## Example 7.2.4(a): Applying the Substitution Rule

The expression that makes the integral difficult is*4x + 3*so that we make the change of variable

Thenu = 4x + 3

which at first glance does not appear in the original integral. But:du/dx = 4, ordu = 4 dx

There is no "incorrect" substitution, you can make any change of variables that you want. There(4x + 3)^{2}dx = u^{2}1/4 4 dx =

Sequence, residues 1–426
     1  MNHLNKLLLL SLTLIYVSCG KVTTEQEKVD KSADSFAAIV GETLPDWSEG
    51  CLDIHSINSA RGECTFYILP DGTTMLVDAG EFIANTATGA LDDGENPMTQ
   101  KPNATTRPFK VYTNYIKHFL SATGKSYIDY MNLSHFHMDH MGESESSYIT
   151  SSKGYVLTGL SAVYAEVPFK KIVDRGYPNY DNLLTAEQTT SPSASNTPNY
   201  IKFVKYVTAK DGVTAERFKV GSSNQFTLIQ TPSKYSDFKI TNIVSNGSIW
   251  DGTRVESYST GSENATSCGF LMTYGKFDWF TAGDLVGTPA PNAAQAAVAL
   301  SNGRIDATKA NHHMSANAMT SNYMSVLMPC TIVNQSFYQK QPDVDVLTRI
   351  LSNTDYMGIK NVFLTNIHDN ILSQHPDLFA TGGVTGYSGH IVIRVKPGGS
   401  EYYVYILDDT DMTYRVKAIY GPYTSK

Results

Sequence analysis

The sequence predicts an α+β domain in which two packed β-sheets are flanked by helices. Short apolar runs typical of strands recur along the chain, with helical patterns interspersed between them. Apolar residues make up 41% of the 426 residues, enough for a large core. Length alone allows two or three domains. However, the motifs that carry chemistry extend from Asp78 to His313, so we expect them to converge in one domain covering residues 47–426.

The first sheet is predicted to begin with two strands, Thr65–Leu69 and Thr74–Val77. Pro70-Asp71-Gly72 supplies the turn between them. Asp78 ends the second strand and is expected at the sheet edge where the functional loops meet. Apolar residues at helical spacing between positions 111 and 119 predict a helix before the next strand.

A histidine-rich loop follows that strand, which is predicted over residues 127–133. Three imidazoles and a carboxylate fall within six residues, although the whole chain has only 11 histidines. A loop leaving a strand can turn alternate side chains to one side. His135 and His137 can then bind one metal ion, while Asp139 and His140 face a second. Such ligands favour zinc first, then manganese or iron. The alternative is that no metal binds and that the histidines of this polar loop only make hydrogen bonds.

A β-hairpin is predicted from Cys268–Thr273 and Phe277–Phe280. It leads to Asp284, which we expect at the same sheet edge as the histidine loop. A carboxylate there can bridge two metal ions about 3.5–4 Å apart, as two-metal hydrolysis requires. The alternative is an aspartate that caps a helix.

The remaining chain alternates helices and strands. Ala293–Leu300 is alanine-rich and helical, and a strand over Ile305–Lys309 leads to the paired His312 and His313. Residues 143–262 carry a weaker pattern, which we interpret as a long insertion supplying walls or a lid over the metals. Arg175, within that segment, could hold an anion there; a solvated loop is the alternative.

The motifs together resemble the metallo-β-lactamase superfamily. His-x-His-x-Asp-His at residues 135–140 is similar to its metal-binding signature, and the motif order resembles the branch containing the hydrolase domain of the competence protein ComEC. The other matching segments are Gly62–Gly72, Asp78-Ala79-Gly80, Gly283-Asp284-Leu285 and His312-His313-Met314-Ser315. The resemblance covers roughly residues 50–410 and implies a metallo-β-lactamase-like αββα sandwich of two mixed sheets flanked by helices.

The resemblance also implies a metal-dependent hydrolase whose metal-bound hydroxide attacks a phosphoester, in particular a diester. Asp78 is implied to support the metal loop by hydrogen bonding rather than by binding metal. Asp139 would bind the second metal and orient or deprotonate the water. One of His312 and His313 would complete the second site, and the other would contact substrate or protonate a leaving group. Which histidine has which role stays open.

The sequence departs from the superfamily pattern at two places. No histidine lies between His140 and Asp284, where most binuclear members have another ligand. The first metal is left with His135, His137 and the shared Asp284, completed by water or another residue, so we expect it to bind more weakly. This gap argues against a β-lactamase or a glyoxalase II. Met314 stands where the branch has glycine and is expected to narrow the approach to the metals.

= 1/4 u^{2}4 dx = 1/4 u^{2}du =

= 1/4 1/3 [(4b + 3)^{3}- (4a + 3)^{3}]

*are*, however, substitutions that work (such as above) and those that do not work (which are not incorrect but not successful). For example, we could decide to make the following substitution in the above example:

Thenu = (4x + 3)^{2}

The new integral looks likedu/dx = 2 (4x + 3) 4ordu = 8 (4x + 3) dx

*u dx*, but it is not (easily) possible to remove the

*dx*. Therefore, this substitution, while correct, was not successful.